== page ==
Here is, however, what we do not know.
One, while Kumar has become more unpopular, it is not clear whether the anger is deep enough for the traditional voters of the NDA — upper castes, extreme backward classes (EBCs), and Mahadalits — to desert the ship and vote for RJD candidates. Their voting behaviour will be particularly interesting in seats where the JD(U) is pitted against the RJD. This will depend on a battle of memory — if the memories of the wounds from the Lalu Prasad regime (which Modi did his bit to ignite) persist, they will vote for JD(U) and if the memory of the more recent distress under Kumar is overwhelming, they will give RJD under Tejashwi Yadav an opportunity.
A related point is whether Modi’s appeal will be enough to offset the anger. Recent elections have shown that voters now make a clear distinction between national and state polls, and if this happens, the NDA’s trump card may not be as effective.
Two, while the size of the RJD crowds is impressive, the composition of the crowd is unclear — and this is symbolic of the uncertainty over its social coalition. Is it largely dominated by its traditionally loyal social groups? Or has the RJD succeeded in knitting back the original Mandal coalition of all other backward classes, including the more marginalised among them? If the RJD gets back both a segment of EBCs and Mahadalit vote, its prospects brighten up considerably. And if it just has its older base of Muslims and Yadavs, it will be a strong Opposition but won’t win enough seats to oust the regime.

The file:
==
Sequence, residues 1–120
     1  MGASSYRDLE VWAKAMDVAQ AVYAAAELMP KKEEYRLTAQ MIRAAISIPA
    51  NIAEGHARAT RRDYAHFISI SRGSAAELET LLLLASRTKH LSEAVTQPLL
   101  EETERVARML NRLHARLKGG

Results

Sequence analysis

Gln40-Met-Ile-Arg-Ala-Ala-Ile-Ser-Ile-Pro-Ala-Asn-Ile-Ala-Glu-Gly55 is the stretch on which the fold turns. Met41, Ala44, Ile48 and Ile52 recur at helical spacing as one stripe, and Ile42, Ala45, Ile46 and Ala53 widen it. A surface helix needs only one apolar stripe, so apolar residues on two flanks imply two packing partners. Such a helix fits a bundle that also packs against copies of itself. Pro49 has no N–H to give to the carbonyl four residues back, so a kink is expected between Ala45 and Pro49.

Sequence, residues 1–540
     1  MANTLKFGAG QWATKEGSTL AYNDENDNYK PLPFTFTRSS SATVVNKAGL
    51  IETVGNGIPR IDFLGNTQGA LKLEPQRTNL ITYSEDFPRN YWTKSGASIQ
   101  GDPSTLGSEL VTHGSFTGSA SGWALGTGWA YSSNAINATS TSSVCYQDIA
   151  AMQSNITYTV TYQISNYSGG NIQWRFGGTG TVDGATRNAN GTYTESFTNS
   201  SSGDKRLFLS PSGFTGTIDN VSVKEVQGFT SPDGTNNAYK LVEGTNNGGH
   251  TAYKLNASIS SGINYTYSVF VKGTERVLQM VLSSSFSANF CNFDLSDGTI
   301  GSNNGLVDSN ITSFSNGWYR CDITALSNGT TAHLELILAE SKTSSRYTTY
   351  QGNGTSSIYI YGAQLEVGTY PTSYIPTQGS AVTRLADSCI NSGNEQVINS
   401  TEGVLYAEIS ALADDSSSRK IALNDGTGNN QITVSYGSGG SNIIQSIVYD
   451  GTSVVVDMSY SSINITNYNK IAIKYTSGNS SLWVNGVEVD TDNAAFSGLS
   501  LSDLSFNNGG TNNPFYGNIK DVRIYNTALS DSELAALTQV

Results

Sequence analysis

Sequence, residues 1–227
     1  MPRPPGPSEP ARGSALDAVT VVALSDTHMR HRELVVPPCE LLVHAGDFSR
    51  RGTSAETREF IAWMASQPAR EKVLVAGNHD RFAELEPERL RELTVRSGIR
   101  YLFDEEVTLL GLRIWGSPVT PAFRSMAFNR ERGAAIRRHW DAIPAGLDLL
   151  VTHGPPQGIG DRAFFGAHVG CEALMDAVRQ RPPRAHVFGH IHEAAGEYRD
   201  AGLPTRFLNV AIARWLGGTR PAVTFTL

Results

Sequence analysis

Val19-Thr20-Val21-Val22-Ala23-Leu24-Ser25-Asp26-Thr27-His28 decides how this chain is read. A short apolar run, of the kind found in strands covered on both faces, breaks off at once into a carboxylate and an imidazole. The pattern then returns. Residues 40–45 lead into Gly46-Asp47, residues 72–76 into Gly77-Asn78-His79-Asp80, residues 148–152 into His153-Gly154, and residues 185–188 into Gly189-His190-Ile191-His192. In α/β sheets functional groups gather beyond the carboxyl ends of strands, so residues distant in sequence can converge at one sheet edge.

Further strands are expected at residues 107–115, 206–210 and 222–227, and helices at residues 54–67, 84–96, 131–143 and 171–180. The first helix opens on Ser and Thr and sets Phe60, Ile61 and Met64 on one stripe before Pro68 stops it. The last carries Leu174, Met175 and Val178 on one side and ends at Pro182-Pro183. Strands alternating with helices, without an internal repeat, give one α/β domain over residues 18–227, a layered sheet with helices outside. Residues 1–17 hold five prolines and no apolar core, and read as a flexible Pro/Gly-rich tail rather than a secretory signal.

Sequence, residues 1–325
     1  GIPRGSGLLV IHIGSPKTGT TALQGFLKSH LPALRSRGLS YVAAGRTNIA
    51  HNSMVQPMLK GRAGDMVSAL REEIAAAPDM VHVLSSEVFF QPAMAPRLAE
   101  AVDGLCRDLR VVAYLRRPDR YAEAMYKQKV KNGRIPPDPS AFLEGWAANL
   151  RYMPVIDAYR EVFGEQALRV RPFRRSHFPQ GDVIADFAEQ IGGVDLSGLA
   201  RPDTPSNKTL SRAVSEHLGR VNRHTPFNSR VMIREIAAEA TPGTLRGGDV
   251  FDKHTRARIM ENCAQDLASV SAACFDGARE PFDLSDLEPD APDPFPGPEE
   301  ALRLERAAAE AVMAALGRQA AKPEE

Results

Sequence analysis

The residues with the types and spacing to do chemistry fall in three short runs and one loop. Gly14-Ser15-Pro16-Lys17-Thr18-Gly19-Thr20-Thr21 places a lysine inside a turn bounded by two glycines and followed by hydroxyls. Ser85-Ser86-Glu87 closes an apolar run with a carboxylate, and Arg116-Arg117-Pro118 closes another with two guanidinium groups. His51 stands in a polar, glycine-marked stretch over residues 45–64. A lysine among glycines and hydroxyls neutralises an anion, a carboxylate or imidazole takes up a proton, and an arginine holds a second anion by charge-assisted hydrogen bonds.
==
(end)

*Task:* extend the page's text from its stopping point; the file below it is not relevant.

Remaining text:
Three, the impact of the pandemic is not known in two distinct respects. How will it affect voter turnout — will the upper castes, more traditionally loyal to the NDA, stay home and turn more apathetic or will it be social segments loyal to other parties who turn indifferent? And how will the economic dislocation brought about by the lockdown imposed to curb the spread of the pandemic affect voting patterns? This is especially relevant in a state such as Bihar, which witnesses a high rate of migration. There is an acute unemployment crisis, which is why there is now political competitiveness over who can create more jobs. But once again, it isn’t known whether young people will vote across caste lines, motivated by these issues; whether they think one or the other force is actually capable of generating more employment; or whether they will turn to identity-based voting considerations.
And finally, the impact of the third pole in a range of seats is unknown. The LJP, for instance, is hoping to thrive around the ambiguity of its ties with the BJP. Does this mean that the BJP voters in seats where the LJP is pitted against the JD(U) will shift to the former and will this result in a split in the NDA votes to the benefit of the RJD? Or is the LJP too insignificant a force to matter in the big picture? A similar dynamic will playout for the Opposition in Seemanchal, where Upendra Kushwaha-Asaduddin Owaisi-Mayawati have teamed up. Will they split the anti-NDA votes, particularly of Muslims, harming the RJD? Or will they not matter?
As the late Pranab Mukherjee once said, elections can only be understood once they are over. Bihar will give its answer on the nature of this election on November 10.